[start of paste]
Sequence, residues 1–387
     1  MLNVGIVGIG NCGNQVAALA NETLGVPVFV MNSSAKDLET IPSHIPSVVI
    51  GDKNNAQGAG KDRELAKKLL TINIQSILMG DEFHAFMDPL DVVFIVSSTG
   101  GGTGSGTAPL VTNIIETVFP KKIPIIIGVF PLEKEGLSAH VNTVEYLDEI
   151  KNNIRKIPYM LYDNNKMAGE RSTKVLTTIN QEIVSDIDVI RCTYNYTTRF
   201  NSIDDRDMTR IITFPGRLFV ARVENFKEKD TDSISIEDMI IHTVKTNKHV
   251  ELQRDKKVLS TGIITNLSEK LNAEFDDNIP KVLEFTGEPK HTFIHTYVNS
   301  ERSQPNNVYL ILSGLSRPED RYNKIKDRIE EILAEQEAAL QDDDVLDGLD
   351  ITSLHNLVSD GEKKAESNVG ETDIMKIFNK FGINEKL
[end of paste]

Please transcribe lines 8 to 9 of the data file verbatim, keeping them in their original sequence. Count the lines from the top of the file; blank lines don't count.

   301  ERSQPNNVYL ILSGLSRPED RYNKIKDRIE EILAEQEAAL QDDDVLDGLD
   351  ITSLHNLVSD GEKKAESNVG ETDIMKIFNK FGINEKL